In Its 11th Day: 79 Breaches in the Ceasefire Agreement

The Killing of 83 individuals and not less than 418 breaches since the ceasefire started

the Ceasefire Agreement

SNHR has released its 11th report documenting the breaches of the truce that commenced on Saturday, February 27. A total of 79 breaches were recorded, including 52 by combat operations while the remaining 27 breaches were arrest operations. Of those, 18 arrest operations were by government forces whereas Kurdish Self-Management forces were responsible for nine arrest operations. As such, the overall total of breaches since the truce started on February 27 is now 418.
 
The report documents the killing of six civilians, including two female children and one woman, by government forces while armed opposition factions killed nine civilians, including three children and three women.
 
The report sheds light on the uncertain future of the truce considering it has been sponsored by two states only, Russian and the United States. Russia, however, can’t play the role of a sponsor seeing how it is openly siding with one of the parties to the conflict, the Syrian regime, who was responsible for tens of breaches of Security Council Resolutions, including ones that were adopted under Chapter VII of the Charter of the United Nations, but no actions have been taken against the Syrian regime.
 
Fadel Abdul Ghany, chairman of SNHR, adds: ““The international community, represented by the UNSC, knows exactly what it should do to end this circle of violence, however, it resorts to unproductive solutions. We need a political transition that would transform the ruling to a democratic one. We have previously said that after Geneva 1, the bloodshed is not going to end and state administrations will be doomed to failure. ISIL and Iranian militias are filling the space the corrupted Syrian government left. We are with any agreement or resolution that would end the cycle of violence and massacres in Syria.”
 
The report notes that the most notable flaw in the truce statements is that it allows the Syrian regime, and its Russian partner, to target wide areas under the control of the Syrian opposition – particularly in the north (because of the heavily limited presence for al Nussra Front on the north front) under the pretext of al Nussra Front, al Qaeda’s extremist branch in Syria, without considering this a breach of the truce.
 
The report records the minimum of the violations in accordance with the standards and methodology adopted by SNHR team which requires two sources, who are unaware of each other, for each incident. Also, the report sheds light on every combat operations by the parties bound by the truce agreement (government forces, Russian forces, Kurdish Syrian Democratic Forces, and armed opposition factions) in the armed opposition-held areas and the areas under a joint control (armed opposition factions and al Nussra Front). The report doesn’t record combat operations in ISIS-held areas. In addition, the report records that no progress has been made regarding releasing detainees, including women and children, by any of the relevant parties while some areas are still under a sieged such as the northern suburbs of Homs city.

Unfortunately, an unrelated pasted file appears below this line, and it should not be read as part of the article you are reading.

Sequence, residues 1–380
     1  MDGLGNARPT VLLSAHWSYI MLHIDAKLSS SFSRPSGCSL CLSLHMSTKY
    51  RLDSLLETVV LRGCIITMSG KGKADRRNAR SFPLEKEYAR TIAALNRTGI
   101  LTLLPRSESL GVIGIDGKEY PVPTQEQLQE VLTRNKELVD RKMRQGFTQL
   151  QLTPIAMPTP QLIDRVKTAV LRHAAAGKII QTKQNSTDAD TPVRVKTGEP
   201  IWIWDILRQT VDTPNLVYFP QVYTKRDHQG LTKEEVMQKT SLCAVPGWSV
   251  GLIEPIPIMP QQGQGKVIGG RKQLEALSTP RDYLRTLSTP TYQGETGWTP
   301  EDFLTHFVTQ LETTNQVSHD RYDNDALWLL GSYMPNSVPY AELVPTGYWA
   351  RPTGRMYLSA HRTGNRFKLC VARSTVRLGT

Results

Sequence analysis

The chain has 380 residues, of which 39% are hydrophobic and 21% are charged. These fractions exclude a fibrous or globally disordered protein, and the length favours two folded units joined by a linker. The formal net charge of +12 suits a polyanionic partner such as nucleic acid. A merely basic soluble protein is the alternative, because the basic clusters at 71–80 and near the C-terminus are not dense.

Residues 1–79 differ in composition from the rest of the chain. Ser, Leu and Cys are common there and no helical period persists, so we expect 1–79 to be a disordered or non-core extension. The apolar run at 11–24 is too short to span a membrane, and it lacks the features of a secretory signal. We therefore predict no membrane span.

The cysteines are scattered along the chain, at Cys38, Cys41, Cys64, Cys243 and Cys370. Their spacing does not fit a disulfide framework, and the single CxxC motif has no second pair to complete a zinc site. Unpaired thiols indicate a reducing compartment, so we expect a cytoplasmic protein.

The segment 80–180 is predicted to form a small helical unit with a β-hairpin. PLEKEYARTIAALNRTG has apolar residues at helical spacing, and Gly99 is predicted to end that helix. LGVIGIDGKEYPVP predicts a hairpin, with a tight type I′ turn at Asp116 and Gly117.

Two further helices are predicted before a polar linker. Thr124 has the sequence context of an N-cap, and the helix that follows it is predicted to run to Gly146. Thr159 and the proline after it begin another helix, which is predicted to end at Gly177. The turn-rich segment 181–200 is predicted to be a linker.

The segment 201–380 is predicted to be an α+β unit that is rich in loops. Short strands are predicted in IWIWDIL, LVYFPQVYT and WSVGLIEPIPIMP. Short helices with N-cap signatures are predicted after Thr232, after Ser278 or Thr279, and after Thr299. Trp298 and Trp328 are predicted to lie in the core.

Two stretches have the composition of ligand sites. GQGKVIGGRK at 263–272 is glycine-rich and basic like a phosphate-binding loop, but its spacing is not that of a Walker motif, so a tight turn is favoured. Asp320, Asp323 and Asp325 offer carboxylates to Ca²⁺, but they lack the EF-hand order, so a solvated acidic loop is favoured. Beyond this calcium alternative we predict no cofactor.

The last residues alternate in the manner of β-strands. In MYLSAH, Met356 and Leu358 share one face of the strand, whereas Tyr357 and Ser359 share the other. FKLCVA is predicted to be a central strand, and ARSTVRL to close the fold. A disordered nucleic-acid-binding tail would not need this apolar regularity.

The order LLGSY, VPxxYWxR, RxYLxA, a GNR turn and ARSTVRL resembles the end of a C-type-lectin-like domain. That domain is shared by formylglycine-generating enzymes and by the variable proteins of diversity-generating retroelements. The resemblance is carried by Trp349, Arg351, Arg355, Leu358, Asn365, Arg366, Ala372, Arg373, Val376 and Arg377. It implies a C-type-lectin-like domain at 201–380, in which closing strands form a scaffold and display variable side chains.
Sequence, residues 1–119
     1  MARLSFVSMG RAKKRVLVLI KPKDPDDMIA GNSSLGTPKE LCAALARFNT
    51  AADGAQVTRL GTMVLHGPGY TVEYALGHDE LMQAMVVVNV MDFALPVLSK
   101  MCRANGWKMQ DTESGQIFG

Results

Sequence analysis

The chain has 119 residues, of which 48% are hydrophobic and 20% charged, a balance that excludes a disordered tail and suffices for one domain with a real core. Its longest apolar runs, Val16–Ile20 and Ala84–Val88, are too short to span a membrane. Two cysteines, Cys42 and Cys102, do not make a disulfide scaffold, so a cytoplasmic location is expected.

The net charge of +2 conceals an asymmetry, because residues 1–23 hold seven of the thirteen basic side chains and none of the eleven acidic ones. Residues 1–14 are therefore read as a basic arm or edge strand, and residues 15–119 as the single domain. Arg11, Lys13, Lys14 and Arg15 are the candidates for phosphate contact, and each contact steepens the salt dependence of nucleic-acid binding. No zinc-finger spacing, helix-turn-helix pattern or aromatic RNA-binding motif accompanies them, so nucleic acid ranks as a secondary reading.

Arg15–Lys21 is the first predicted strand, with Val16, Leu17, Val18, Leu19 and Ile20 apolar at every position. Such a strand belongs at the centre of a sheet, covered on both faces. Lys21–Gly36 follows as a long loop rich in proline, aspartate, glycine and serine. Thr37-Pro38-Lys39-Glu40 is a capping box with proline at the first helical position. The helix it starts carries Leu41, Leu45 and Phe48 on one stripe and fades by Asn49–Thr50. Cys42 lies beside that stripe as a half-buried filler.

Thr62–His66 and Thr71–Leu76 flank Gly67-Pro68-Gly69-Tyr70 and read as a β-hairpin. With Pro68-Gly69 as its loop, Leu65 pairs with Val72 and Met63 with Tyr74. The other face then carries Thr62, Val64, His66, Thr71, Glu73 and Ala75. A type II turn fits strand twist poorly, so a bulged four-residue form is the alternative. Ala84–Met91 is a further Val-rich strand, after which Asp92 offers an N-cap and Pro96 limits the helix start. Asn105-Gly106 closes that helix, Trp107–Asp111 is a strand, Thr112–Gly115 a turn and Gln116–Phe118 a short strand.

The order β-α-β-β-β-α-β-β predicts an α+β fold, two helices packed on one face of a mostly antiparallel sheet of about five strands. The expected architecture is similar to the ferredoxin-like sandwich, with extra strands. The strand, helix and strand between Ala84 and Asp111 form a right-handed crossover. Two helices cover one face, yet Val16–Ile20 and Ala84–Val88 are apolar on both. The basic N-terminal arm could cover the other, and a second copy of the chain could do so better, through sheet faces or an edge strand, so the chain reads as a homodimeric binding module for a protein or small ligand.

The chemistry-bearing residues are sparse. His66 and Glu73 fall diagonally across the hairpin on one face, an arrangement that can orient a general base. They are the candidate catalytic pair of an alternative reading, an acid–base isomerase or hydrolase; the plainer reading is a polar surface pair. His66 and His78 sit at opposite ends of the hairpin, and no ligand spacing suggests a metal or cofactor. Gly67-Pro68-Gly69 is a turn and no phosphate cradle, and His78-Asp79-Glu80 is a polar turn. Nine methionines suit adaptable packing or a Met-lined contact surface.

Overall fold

According to the report, combat operations were distributed across nearly all Syrian governorates as follows: 11 in Idlib, 10 in Damascus suburbs, 10 in Daraa, five in Hama, five in Homs, and five in Latakia at the hands of government forces while Russian forces were responsible for one breach in Hama, one in Aleppo, and one in Idlib. Additionally, Kurdish Self-Management forces committed one breach in Hasaka while armed opposition factions committed two breaches in Hama and two in Aleppo.
 
Government forces’ breaches through arrest were distributed as follows: five in Damascus, five in Damascus suburbs, four in Hasaka, three in Latakia, one in Homs while nine breaches were committed by the Kurdish Self-Management forces in Hasaka.
 
The report calls on the Joint American-Russian Committee to investigate these incidents as soon as possible, make the findings of these investigations public to the Syrian people, and ensure that it don’t occur again.
Furthermore, the report stresses that the international community should link the ceasefire with a political process towards a transitional stage that leads to a democratic regime – an objective that would effectively end the suffering of the Syrian people.
 
Finally, the report notes that the truce might collapse at any moment if the breaches went on at their same rate without a real deterrent, adding that the United States, as a primary sponsor, should make a bigger effort to convince the Russian side to cease its breaches and apply pressure on its Syrian ally to cease its breaches as well.

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